Use this URL to cite or link to this record in EThOS: http://ethos.bl.uk/OrderDetails.do?uin=uk.bl.ethos.687859
Title: The writing of Betty Miller, 1933-1949
Author: Fellgett, Lydia
ISNI:       0000 0004 5915 6560
Awarding Body: University of East Anglia
Current Institution: University of East Anglia
Date of Award: 2014
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Abstract:
This thesis is the first comprehensive study of the writing of the author, journalist, reviewer and scholar Betty Miller (1910-65). As such it seeks to develop a language with which readers might think about her work. Analysing the ways in which commentators have redrawn the critical maps of the 1930s and 40s provides a crucial context for an understanding of Miller’s work as a product of its cultural inception. Exploring the dynamics of the various socio-historic and institutional forces that have come to bear on the availability and readability of women’s writing from this period, The Writing of Betty Miller looks at the recuperative practices of feminist publishing houses as well as the near annihilation of Miller’s work in the Second World War. Betty Miller’s bestselling biography of Robert Browning and her non-fiction writing for journals such as Twentieth Century and Horizon in the 1950s, begin to suggest a literary context that draws out the allusions in and influences on her fiction. The seven novels that she wrote between 1933-49, read chronologically, situate her amongst contemporaneous debates on the gendered dynamics of marriage, the politics of the Anglo-Jewish experience and the familial impact of war. They also confront literary experiments of writing timeliness, boredom and violence. Close reading interrogates her texts’ most prevalent imagery and aesthetics, asking what makes her writing particularly Millerian, whilst positioning a readership that pays attention to the thoughtful examination of the morality of everyday decision-making that underlies Miller’s work.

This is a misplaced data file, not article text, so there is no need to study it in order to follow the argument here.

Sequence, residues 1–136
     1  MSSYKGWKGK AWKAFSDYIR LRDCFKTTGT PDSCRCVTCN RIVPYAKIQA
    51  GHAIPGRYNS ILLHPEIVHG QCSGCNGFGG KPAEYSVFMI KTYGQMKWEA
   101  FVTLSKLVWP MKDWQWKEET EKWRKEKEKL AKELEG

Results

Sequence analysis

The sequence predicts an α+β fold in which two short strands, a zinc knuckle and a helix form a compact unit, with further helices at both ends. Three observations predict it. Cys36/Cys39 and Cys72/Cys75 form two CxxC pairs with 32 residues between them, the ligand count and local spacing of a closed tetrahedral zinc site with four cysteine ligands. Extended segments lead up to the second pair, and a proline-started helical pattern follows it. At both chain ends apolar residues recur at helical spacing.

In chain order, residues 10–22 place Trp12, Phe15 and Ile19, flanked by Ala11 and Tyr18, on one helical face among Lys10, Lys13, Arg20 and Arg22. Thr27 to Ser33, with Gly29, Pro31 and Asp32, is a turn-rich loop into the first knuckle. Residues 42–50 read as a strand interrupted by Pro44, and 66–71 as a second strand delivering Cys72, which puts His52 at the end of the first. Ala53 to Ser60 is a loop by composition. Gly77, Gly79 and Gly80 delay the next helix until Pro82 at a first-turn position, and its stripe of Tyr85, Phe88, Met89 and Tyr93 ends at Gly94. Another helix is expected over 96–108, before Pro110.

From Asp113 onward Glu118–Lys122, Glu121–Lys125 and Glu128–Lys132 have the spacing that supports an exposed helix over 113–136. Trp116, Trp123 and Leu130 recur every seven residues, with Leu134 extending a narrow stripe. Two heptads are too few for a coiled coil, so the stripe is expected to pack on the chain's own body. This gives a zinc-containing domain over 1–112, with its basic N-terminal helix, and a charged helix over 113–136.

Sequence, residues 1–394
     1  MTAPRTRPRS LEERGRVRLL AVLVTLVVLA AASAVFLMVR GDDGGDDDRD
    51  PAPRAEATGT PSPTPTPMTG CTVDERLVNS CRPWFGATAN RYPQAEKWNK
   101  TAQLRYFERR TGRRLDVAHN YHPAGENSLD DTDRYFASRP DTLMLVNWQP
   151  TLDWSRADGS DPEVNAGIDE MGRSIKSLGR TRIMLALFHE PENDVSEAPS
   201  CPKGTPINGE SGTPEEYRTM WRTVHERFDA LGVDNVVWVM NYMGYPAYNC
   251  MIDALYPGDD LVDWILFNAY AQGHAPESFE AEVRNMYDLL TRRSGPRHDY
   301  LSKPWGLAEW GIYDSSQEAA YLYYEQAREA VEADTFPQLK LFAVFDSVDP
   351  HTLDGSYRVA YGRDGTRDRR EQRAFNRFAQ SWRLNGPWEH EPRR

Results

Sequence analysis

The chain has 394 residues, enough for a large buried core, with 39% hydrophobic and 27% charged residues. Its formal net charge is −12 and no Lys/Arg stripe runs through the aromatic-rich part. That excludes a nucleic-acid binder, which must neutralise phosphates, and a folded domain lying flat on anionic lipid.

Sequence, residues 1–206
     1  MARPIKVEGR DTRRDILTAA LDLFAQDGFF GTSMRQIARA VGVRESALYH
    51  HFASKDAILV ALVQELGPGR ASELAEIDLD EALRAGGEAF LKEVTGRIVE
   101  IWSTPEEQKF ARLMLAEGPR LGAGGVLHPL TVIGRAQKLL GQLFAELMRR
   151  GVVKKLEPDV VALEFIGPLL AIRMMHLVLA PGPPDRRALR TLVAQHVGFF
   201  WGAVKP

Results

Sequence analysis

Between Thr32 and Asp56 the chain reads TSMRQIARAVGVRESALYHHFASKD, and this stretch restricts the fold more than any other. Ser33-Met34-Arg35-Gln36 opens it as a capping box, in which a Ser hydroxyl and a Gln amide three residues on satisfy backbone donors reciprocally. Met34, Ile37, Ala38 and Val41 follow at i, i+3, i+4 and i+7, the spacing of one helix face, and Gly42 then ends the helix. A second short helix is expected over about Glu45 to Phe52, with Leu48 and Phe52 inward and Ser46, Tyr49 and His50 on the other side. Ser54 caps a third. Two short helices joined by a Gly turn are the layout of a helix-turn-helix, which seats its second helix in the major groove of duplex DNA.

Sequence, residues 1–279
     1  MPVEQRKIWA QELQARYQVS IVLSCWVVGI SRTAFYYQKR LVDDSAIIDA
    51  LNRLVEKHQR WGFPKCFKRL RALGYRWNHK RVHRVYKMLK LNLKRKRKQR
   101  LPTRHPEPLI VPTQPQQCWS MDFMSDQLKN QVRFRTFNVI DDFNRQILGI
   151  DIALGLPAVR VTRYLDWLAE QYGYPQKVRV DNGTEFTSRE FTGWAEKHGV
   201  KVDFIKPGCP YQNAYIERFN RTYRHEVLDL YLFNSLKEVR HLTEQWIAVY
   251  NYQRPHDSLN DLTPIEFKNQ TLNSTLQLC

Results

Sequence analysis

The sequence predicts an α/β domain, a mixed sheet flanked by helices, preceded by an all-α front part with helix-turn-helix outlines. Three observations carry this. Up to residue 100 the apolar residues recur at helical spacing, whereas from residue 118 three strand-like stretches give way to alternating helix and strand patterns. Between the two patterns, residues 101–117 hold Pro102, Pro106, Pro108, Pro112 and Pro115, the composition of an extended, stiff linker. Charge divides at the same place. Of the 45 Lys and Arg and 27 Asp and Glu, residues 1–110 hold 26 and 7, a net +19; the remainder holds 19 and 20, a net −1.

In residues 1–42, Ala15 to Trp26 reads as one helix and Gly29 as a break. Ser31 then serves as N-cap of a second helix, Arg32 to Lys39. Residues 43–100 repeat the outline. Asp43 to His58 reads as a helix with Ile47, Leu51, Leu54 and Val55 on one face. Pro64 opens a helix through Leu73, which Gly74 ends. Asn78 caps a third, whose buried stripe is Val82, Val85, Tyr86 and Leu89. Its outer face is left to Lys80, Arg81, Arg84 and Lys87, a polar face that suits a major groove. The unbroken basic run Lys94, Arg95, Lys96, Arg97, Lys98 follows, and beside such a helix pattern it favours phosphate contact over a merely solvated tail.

Supervisor: Not available Sponsor: Not available
Qualification Name: Thesis (Ph.D.) Qualification Level: Doctoral
EThOS ID: uk.bl.ethos.687859  DOI: Not available
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